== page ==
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U.S. Confirms Deal with Turkey to Withdraw Allied Kurds from Manbij, Syria

In this April 4, 2018 file photo, a U.S-backed Syrian Manbij Military Council soldier passes a U.S. position near the tense front line with Turkish-backed fighters, in Manbij, north Syria. The People's Protection Units, known by their Kurdish acronym YPG, said in a statement Tuesday, June 5, 2018, that it's …
AP Photo/Hussein Malla

The U.S. Department of State (DOS) confirmed on Tuesday that it reached an agreement with Turkey to pull the American-allied Kurdish People’s Protection Units (YPG), deemed “terrorists’ by Ankara, from the northern Syrian city of Manbij, arguing that the move will “reduce tensions.”

For weeks now, Manbij has been home to a stand-off between fighters from the U.S.-backed Syrian Democratic Forces (SDF) led by the YPG and Turkish-allied Syrian opposition fighters.

The situation has essentially pitted the United States, which maintains a presence in Manbij, against its NATO ally Turkey.

Arguing that the YPG is an affiliate of the terrorist Kurdistan Worker’s Party (PKK), known to carry out attacks in Turkey, Ankara had threatened to push the YPG out of Manbij if it did not leave the area on its own accord.

The United States has infuriated Turkey by continuing to back the Kurdish fighters.

U.S. officials argue that the new Manbij deal, reached by Secretary of State Mike Pompeo and by Turkish Foreign Minister Mevlut Cavusoglu on Monday, has, at least for the moment, taken Ankara’s “threat of a military offensive” off the table.

Overall, the U.S.-Turkey deal over the YPG withdrawal from Manbij has “reduced” but not eliminated ongoing “tensions” between the different stakeholders in the region, State Department officials told reporters on condition of anonymity on Tuesday.

The officials acknowledged that the situation now “is relatively stable but also very tense because we are patrolling a demarcation line, is not something that is sustainable over the long-term.”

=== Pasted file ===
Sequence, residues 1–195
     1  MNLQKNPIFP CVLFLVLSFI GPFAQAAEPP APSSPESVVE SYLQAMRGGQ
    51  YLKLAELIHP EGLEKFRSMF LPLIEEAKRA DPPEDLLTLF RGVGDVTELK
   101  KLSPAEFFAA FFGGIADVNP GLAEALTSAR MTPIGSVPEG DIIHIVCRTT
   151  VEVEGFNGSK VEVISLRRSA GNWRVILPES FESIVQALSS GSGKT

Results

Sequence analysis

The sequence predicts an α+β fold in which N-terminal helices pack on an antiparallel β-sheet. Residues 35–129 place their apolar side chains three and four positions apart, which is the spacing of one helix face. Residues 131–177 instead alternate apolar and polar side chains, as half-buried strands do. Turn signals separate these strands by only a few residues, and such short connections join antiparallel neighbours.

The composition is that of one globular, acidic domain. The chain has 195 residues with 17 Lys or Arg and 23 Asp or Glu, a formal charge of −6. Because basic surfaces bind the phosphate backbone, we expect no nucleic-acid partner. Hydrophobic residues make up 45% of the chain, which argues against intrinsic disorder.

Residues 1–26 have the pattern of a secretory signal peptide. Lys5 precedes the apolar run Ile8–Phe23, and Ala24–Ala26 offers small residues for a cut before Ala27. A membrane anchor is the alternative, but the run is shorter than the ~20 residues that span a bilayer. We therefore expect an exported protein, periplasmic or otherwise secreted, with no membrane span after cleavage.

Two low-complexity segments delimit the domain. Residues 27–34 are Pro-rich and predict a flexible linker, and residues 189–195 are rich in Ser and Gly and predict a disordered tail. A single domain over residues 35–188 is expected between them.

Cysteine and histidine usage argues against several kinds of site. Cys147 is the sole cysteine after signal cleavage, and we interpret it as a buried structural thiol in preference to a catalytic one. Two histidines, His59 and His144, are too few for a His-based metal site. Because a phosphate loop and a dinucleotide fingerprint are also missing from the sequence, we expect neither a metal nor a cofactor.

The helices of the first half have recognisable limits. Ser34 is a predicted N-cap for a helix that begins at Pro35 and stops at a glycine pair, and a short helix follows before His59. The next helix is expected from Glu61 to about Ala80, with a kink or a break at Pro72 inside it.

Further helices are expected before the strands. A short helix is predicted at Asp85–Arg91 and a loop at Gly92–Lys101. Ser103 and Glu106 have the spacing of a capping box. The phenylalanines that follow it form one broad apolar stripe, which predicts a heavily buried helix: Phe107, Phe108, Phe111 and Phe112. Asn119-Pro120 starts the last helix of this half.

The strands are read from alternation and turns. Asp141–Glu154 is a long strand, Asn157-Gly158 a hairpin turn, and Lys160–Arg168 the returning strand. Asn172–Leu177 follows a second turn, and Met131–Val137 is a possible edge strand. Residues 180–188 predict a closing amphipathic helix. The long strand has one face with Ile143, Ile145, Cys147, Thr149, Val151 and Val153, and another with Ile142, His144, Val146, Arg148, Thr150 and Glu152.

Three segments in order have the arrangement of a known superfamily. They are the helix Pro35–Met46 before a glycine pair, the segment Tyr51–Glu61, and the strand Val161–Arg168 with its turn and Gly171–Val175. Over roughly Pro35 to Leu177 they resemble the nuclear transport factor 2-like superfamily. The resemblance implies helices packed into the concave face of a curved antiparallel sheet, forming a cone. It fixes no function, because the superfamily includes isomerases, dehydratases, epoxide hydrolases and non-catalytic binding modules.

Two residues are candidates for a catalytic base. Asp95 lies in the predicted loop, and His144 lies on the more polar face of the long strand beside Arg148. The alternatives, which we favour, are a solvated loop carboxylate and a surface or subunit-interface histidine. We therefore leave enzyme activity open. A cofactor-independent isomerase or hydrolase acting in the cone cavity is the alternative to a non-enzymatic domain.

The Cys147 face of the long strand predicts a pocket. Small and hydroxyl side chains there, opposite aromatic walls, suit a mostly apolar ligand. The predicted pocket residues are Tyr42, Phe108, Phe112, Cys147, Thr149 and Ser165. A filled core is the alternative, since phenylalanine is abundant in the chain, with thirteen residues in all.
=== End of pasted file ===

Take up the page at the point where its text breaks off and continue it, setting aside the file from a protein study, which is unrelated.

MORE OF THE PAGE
In a statement issued Tuesday, the YPG, which is the armed wing of the Democratic Union Party (PYD) that controls swathes of northern Syria, conceded that its military advisers would leave Manbij, Al Jazeera reports.

The U.S. Department of State-Turkey deal appeared to catch the U.S.-led coalition in Iraq and Syria by surprise.

Asked to comment on the agreement on Tuesday, U.S. Col. Thomas Veale, a top spokesman for the American-led coalition, told Pentagon reporters on Tuesday, “Quite honestly, I don’t know what the outcome of that is. We’d expect an official government announcement for that. … I don’t know that that’s a valid statement. I haven’t seen an official proclamation to that effect.”

The Pentagon did not immediately respond to Breitbart News’ request for comment.

On Tuesday, the anonymous State officials ended up providing reporters the official confirmation that appeared to have escaped the Pentagon.

One of the officials declared:

Yesterday the Secretary of State and the Turkish foreign minister endorsed a roadmap which is a broad political framework designed to fulfill the commitment that the United States had made to move the YPG east of the Euphrates and to do so in a way that contributes to security and stability of Manbij and in a fashion that is mutually agreed between the United States and Turkey in every aspect.

It’s important to note that this is a broad political framework, and the implementation of this will require details that remain to be negotiated – and as I said, they will need to be mutually agreeable – and that the implementation will be timed based on developments on the ground.

Another State official acknowledged that Manbij for months has been home to “a fairly tense standoff between” U.S.-allied Kurds and Turkey-backed opposition forces.

“We have helped patrol the demarcation line to try to make sure that tensions remain low and de-escalated,” the U.S. official noted, adding:

We’re confident that in reinforcing the demarcation line and working closely with our NATO ally, Turkey, and working closely with all the opposition parties on the ground, closely with the Syrian Democratic Forces, we can continue to reduce tensions.

Despite Turkey’s concerns over the YPG’s link to the terrorist PKK, Secretary Pompeo praised the Kurdish-led SDF force as a competent partner against the Islamic State (ISIS/ISIL) on Tuesday.

U.S. Col. Veale told reporters that the American military has yet to take back weapons it has provided to the Kurdish elements of the SDF.

 

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